Practicing in the firm’s securities litigation group and litigating cases arising out of the Bernard L. Madoff scandal — the largest Ponzi scheme of all time — Edwards’ work included actions in federal trial and appellate courts in New York and state court actions in New York, California, Delaware, Massachusetts, Florida, Colorado, New Mexico, and Washington State.
“Depending on how you count their losses, investors in the Madoff Ponzi scheme lost between 16 and 50 billion dollars by the time his fraud came to light,” he says. “Madoff defrauded thousands of different people out of millions and billions of dollars.
“When he went to jail for his fraud, many people who lost money to him started suing everyone who had any involvement with Madoff. Much of the ongoing Madoff litigation revolves around who knew what and when and whether they should have figured out that the former chairman of the National Association of Securities Dealers — which later became NASDAQ — was running history’s biggest financial fraud.”
Edwards also served on a team representing financial institutions in matters related to mortgage-backed securities and securities class and derivative actions. In one case, he helped defend an investment bank against claims by Fannie Mae and Freddie Mac for losses on mortgage-backed securities.
“Many of the mortgage-backed securities cases revolve around underwriting standards. When local banks make loans to homebuyers, they then sell most loans to investment banks. The investment banks then ‘securitize’ the loans and sell rights to the payment streams from borrowers repaying their loans,” Edwards explains. “When the payment streams ran lower than anticipated, people asked questions about the local banks’ underwriting standards and whether the investment banks knew what the local banks were doing.”
In addition to the securities work, Edwards had the opportunity to get into court doing civil rights work on a pro bono basis, for people who really needed the help or where he could make an impact for many people at once.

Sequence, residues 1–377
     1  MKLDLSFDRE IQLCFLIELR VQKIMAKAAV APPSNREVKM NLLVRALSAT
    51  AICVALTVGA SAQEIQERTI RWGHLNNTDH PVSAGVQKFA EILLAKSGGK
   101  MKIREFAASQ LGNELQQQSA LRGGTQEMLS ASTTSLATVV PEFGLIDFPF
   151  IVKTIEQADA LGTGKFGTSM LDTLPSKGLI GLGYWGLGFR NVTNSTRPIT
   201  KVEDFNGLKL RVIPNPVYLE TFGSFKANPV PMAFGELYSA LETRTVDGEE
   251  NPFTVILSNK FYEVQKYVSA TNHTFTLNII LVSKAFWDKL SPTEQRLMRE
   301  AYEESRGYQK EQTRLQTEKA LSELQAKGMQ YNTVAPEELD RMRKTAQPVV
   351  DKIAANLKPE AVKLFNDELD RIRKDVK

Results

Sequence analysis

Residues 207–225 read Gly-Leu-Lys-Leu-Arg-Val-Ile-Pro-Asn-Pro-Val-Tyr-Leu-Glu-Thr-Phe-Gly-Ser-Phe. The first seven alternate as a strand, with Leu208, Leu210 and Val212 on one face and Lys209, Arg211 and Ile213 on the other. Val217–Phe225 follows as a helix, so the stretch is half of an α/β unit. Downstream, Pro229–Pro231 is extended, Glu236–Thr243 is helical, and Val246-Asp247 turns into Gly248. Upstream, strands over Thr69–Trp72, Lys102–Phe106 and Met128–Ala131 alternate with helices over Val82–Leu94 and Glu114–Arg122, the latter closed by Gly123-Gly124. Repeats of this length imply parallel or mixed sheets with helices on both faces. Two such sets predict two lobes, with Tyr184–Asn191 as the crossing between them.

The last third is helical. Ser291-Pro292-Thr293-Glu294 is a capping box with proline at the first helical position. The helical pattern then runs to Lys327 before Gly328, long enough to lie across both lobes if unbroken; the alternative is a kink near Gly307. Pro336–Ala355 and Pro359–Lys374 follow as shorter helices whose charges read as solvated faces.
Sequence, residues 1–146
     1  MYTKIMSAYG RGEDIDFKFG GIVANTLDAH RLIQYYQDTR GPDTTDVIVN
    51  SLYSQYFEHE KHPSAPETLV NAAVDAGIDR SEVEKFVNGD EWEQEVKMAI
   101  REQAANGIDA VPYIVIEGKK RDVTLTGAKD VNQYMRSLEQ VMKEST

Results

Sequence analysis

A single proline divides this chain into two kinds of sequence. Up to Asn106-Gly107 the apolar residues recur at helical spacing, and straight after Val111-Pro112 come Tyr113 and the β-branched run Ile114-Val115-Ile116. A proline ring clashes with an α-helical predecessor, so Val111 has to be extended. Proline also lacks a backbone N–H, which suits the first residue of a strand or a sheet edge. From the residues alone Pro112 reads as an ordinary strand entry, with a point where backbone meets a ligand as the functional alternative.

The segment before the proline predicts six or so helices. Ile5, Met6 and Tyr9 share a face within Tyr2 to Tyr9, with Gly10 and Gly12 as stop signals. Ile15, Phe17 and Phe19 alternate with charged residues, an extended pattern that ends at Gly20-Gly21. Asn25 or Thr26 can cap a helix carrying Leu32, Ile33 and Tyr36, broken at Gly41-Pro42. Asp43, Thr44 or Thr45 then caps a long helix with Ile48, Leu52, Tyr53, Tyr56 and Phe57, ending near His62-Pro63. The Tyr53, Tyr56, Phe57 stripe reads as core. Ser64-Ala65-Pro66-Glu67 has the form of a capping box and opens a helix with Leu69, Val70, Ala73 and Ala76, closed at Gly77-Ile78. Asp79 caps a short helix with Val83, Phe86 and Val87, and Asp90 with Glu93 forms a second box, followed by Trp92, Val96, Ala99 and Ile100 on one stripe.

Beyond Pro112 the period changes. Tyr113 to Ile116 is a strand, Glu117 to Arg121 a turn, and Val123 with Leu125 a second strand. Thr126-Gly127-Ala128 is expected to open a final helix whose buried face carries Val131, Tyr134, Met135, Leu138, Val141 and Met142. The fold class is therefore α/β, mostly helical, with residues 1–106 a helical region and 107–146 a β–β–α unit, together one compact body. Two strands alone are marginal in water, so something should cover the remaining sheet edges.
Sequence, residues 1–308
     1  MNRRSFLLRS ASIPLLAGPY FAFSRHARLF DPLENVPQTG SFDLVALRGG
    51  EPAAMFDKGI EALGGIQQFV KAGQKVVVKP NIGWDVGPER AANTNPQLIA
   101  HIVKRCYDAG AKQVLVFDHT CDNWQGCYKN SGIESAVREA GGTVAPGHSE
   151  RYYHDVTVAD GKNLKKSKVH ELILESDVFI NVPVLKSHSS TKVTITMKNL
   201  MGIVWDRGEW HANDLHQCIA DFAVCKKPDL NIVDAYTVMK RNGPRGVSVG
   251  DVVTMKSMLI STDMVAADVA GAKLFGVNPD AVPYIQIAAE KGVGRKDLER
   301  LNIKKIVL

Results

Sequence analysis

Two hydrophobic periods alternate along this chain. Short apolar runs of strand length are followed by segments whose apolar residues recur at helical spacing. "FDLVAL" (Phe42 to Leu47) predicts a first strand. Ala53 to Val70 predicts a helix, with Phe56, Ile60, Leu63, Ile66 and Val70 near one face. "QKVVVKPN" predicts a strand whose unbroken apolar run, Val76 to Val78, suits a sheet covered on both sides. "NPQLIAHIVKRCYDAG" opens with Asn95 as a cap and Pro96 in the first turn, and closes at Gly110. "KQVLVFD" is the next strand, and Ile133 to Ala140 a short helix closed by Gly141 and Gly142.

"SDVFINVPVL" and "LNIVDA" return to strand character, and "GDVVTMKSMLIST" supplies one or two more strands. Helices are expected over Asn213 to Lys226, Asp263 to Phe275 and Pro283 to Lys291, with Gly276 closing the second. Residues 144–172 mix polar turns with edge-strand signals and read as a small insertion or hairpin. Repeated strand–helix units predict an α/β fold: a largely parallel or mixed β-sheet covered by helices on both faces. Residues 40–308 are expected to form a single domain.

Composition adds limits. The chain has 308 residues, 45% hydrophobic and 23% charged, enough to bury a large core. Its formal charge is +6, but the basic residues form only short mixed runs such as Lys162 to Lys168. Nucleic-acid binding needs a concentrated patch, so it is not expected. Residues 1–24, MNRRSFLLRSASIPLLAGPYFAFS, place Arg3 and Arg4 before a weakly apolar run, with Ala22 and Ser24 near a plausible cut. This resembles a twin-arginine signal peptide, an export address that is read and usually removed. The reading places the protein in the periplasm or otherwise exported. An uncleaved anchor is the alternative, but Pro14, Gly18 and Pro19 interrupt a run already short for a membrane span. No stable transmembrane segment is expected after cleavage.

“In one case we successfully challenged a judicial practice of requiring medical documentation from transgender persons seeking to change their names. No one else needed a doctor’s note to change his or her name,” he says. “The case let us fix something that was clearly unfair.”
In 2012, along with other lawyers from Skadden, Edwards received Sanctuary for Families’ Pro Bono Excellence Award for work done in an asylum case.
“Although the client had two prior orders of removal from different Immigration Court judges, after years of work we were able to convince the Immigration Court to reopen and vacate those orders and grant her asylum,” he says. “The case was incredibly difficult but we ended up winning it because we kept working. We knew that our client might be killed if returned to her home country and we were determined to prevent that.”
The son of a South Carolina attorney, Edwards earned his undergraduate degree in philosophy at the University of South Carolina before earning his law degree at Columbia University. He left Skadden to join MSU Law in 2012 as a Teaching Fellow with the Immigration Law Clinic.
“The clinic allowed me to spend more time doing work to help people while equipping students with the information and skills to make a difference at the same time,” he says. “In the clinical setting, I enjoy working with students when they care about the client and take ownership of their cases because the work we’re doing matters to someone and may make a tremendous difference in his or her life.”
For more information on the new Investor Advocacy Clinic, visit http://law.msu.edu/clinics/investor/.